I've been learning about p-adic Hodge theory recently (I'm a beginner), and I've been wondering about the following question the past couple of weeks. Sorry for the long setup, it's mainly background; the question is down towards the bottom.

Background: For a field $k$, and a second field $K$ of characteristic 0, we can consider the $K$-linear category $Mot(k)_{K}$ of motives defined by smooth projective varieties over $k$ (pure motives) up to homological or numerical equivalence (let's assume homological equivalence equals numerical equivalence for each Weil cohomology we consider). Then this is a semi-simple abelian category (due to Jannsen), and there are realization functors to various categories of vector spaces extending the functor sending a variety $X$ to its cohomology groups (e.g. its etale cohomology groups $H^i(X,\mathbb{Q}_\ell)$ for $\ell \not= p$ in which case $K = \mathbb{Q}_\ell$).

In the case when $k = \mathbb{C}$ and we take $K = \mathbb{Q}$, we can consider the singular cohomology realization $Mot(\mathbb{C})_\mathbb{Q} \rightarrow {Vect}_{\mathbb{Q}}$ sending $X$ to $H_{sing}^*(X,\mathbb{Q})$. One way of stating the Hodge conjecture is that when we consider the extra structure of the Hodge decomposition on $H^*_{sing}(X,\mathbb{Q}) \otimes \mathbb{C}$ and therefore consider the enriched realization $Mot(\mathbb{C})_{\mathbb{Q}} \rightarrow {Hdge}_{\mathbb{Q}}$ to pure $\mathbb{Q}$-Hodge structures, this functor is fully faithful.

Similarly, if $k$ is a finite field or a number field, we can take $K = \mathbb{Q}_\ell$, we can consider the functor $Mot(k)_{\mathbb{Q}_{\ell}} \rightarrow GalRep(\mathbb{Q}_\ell)$ which sends $X$ to its $\ell$-adic cohomology $H^i(X_{\overline{k}},\mathbb{Q}_\ell)$ as an $\ell$-adic Galois representation. Then the Tate conjecture is that this functor is fully faithful. In the number field case, there are some other conjecturally fully faithful enriched realization functors discussed in Ch. 7 of Andre's book "Une Introduction Aux Motifs".

Motivation: Now in $p$-adic Hodge theory, we deal with varieties over a complete discrete valuation field (for example $k = \mathbb{Q}_p$), and study the extra structures which one obtains on the de Rham cohomology of such a variety from Hodge theory, crystalline cohomology, and etale cohomology. To me it seems that one is trying to endow the de Rham cohomology of a variety $X$ with as much "natural" structure as possible, at least enough to determine the Galois representation $H^i(X_{\overline{k}},\mathbb{Q}_p)$, but possibly one can add more. So I wonder the following:

Let $k$ be a finite extension of $\mathbb{Q}_p$. Is it reasonable to believe that there exist a characteristic-0 field $K$ and a fully faithful functor $Mot(k)_K \rightarrow \mathcal{C}$, where $\mathcal{C}$ is the category of $K$-vector spaces with some "natural" extra structure, for example that considered in $p$-adic Hodge theory? If not, why not? If so, is there a candidate for $\mathcal{C}$?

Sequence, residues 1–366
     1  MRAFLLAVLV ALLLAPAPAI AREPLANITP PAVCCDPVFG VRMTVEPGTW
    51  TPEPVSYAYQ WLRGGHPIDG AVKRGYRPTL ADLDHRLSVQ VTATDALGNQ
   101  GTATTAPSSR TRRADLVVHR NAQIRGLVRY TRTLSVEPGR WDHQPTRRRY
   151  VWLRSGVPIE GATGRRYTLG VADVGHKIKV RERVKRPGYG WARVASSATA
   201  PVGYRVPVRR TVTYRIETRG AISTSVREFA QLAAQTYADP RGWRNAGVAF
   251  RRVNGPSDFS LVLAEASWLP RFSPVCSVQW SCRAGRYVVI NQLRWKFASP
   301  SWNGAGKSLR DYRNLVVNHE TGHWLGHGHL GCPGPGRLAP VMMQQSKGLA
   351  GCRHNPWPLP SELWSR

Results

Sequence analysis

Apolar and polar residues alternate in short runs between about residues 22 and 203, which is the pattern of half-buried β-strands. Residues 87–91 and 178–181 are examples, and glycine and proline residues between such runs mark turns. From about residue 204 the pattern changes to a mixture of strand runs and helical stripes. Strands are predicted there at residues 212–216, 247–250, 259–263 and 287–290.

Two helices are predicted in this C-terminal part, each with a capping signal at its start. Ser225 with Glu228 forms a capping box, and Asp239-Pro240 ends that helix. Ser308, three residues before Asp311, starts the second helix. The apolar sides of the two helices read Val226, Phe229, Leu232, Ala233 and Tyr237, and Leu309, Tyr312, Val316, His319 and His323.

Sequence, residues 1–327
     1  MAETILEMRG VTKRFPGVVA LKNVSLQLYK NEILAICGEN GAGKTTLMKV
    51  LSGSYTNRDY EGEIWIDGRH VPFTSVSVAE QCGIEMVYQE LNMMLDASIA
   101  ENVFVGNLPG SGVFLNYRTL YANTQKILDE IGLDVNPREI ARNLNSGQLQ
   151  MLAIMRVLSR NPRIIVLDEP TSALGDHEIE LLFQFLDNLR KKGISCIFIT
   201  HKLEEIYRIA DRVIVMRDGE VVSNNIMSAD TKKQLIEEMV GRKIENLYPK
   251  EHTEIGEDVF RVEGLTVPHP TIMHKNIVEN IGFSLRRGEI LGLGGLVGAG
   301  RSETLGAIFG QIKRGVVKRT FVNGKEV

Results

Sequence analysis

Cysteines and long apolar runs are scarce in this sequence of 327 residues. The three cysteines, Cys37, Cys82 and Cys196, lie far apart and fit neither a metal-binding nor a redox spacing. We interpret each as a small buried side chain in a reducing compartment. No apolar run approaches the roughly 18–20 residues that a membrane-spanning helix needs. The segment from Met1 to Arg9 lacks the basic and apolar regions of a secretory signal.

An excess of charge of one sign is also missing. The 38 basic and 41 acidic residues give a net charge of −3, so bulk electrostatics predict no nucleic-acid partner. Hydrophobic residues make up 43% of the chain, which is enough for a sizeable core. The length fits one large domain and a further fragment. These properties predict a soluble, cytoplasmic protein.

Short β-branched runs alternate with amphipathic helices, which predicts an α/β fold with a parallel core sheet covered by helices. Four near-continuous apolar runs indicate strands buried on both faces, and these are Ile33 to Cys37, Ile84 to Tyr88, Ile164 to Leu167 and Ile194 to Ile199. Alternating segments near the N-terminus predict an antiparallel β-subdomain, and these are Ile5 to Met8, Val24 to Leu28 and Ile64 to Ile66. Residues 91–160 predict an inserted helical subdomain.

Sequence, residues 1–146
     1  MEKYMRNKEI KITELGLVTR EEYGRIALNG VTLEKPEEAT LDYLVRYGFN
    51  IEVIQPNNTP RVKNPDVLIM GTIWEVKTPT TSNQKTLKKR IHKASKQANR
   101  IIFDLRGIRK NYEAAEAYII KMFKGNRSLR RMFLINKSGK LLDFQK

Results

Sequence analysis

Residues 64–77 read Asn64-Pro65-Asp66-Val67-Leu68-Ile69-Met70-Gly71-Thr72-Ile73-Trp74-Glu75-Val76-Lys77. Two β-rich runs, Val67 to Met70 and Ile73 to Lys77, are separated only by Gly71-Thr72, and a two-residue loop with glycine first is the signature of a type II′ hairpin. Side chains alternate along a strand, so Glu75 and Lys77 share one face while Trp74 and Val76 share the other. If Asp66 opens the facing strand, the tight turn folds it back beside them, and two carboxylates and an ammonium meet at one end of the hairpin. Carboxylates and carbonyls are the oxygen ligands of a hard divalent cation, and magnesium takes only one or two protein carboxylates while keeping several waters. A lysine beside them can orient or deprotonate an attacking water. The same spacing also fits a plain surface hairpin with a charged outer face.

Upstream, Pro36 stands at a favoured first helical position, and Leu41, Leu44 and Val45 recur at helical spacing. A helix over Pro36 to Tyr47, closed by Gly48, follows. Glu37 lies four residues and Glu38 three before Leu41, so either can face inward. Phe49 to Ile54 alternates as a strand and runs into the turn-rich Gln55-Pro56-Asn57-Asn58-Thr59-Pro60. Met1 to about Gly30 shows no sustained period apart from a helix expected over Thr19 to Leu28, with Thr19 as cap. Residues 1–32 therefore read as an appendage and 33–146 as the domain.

EDIT: I want to add an additional condition: that when one takes the forgetful functor $\mathcal{C} \rightarrow Vect(K)$, the composition $Mot(k)_K \rightarrow Vect(K)$ is the functor defined by some Weil cohomology (e.g., de Rham cohomology or $p$-adic etale cohomology).

My impression from the example given by user ulrich in the comment to

Should the etale cohomology of a smooth projective variety (over rationals) be semi-simple; why?

is that we CANNOT take $K = \mathbb{Q}_p$ and take the functor sending $X$ to $H^*(X_{\overline{k}},\mathbb{Q}_p)$ , because the the $p$-adic cohomology of $X$ might not be semi-simple, for example when $X$ is an elliptic curve with non-split multiplicative reduction. But perhaps there's another possible $\mathcal{C}$?

EDIT: As wccanard explained in a comment (now deleted), the example above doesn't actually show that the $p$-adic etale cohomology functor isn't fully faithful, since the subobject of $H^1(X,\mathbb{Q}_p)$ which is not split is not "motivic". However, there are other reasons why $p$-adic etale cohomology can't work as explained in wccarnard's answer below.

canonicallyisomorphic, so one can see the different varieties giving different Hodge filtrations. But this doesn't help you here, because $\mathcal{C}$ can't tell the canonical isomorphism from all of the non-canonical ones :-/ – user30035 Mar 19 '13 at 22:54